Not that there’s anything WRONG with being just a freelancer, but I see freelancing as a stepping stone to bigger and better things.
One of the frequent questions I get is “How do I start making money online?” and I always recommend freelancing to get started.
Do you agree or disagree?
Is there another business model you recommend for someone who’s never made a single dollar online?
I tend to oscillate here. On the one hand, I believe everyone should have multiple streams of income. 100%. Not even debatable.
On the other hand, you’ll make much faster progress if you focus on, and master, one business model at a time. Take it from someone who made the mistake of starting 3 “businesses” around the same time.
And there’s another aspect to consider.
“Copywriting” and the “business of copywriting” aren’t the same thing.
I think you’ll agree with me here...trying to learn the ropes of a freelancing business while also learning to become a good copywriter is beyond the ability of most people.
Now try to add building niche sites, selling digital products, or drop-shipping. It’s too much.
I can only speak from the perspective of being a copywriter. I believe our best chance of success lies in first working in-house at a company that relies on direct response marketing to make its money. Like the Agora group of companies for example. You’ll get paid to learn from the best copywriters and marketers on the planet.
Since you’re involved in multiple online businesses, I’m curious how you evaluate different opportunities.
What made you decide to pursue Becoming the Alpha Muslim and Ubrik?
Becoming the Alpha Muslim (BTAM) was supposed to be my main thing. I started it after taking Ramit Sethi’s “Zero To Launch” program. I still maintain it but I haven’t figured out a good way to sell stuff to my audience yet.
Also, as my consulting business grew I didn’t have as much time to devote to (BTAM.)
I joined Ubrik at a transition period, after I was made redundant at my 9-to-5. They offered me what seemed like a good deal at the time.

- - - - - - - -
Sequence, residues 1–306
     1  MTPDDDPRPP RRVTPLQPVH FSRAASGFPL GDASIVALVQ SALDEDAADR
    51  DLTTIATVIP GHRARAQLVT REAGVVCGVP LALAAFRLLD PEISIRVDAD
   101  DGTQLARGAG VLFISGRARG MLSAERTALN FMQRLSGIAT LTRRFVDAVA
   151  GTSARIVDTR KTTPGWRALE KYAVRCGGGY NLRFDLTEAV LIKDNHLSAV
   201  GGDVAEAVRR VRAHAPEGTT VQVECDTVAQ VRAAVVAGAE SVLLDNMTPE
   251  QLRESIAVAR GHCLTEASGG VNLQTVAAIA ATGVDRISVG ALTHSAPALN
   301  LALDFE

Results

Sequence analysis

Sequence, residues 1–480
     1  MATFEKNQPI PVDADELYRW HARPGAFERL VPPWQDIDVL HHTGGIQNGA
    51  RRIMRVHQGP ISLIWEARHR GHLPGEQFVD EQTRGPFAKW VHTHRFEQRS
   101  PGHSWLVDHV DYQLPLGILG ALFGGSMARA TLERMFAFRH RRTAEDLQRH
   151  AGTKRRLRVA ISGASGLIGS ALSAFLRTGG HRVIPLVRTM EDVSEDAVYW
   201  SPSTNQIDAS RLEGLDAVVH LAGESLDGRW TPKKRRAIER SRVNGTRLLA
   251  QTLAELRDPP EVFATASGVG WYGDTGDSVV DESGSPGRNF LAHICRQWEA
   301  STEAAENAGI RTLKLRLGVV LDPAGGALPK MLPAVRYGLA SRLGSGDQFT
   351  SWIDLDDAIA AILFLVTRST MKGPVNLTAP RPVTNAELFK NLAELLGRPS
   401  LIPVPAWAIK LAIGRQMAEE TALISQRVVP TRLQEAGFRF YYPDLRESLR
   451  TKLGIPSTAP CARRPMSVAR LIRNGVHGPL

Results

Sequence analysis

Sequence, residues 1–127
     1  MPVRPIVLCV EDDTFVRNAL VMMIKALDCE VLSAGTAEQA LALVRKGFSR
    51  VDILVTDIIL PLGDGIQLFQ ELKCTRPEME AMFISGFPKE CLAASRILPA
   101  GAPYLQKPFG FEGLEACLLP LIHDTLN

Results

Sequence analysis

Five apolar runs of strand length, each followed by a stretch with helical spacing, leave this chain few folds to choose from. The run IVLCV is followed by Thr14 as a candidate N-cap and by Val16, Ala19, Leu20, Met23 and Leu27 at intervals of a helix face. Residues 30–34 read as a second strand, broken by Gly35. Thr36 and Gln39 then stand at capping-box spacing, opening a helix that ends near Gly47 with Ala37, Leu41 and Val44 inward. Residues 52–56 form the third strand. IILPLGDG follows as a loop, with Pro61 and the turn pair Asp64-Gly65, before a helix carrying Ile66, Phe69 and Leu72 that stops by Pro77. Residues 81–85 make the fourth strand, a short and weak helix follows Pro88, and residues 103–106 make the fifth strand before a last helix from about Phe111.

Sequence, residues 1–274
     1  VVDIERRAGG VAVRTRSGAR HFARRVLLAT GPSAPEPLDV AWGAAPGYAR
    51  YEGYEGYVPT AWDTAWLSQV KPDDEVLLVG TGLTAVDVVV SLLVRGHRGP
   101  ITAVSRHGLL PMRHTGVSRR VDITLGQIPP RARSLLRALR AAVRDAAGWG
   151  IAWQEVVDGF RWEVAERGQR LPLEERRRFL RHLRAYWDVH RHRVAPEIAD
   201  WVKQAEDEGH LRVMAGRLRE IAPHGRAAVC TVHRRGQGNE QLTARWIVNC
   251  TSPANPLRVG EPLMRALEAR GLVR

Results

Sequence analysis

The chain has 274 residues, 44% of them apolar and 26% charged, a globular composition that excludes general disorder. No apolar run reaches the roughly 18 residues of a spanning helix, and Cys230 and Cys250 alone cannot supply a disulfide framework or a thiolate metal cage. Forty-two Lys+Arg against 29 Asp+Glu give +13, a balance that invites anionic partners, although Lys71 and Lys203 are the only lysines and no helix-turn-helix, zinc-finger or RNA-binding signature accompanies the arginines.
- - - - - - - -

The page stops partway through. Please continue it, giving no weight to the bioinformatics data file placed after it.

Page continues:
I would help them grow their blog and generate leads via content marketing, in exchange for a base-salary and profit-sharing. I came in as a partner and not an employee. It was also “security” and helped put my wife at ease about me going the entrepreneurship route.
I consulted my wife, my brother (who co-founded Dropkick Copy with me,) and my best friend about the decision. All 3 gave me the same answer: Ubrik was the best option.
Interestingly enough, my gut was saying “NO” the entire time. But I have very high risk tolerance and was worried my gut was being too aggressive for my business and life context. So, I decided to follow the advice of people I trust, and after praying for Allah’s guidance I said, “OK let’s do it.”
I’ve since moved on from Ubrik.
In retrospect, it wasn’t the right move. My business partners and I were and are still good friends.
But our approaches to business and marketing couldn’t be more different.
And the money I was making didn’t justify the amount of time I was spending on Ubrik. I ended up having to take client work on top of my business partners expecting me to work on Ubrik full-time.
Still, I learned a lot from the experience.
Mainly that I do not want anyone telling me what to do. I’m 100% unemployable. I will never sacrifice freedom for security ever again. And I will never take a “job” unless I end up dead broke and on the verge of being homeless.
You’re the first guy I’ve interviewed who has a family and kids.
I’m not at that point yet, so I’m curious how your juggle everything between family, work and shitposting on Facebook 🙂
What’s your typical daily schedule look like? Do you have set office hours?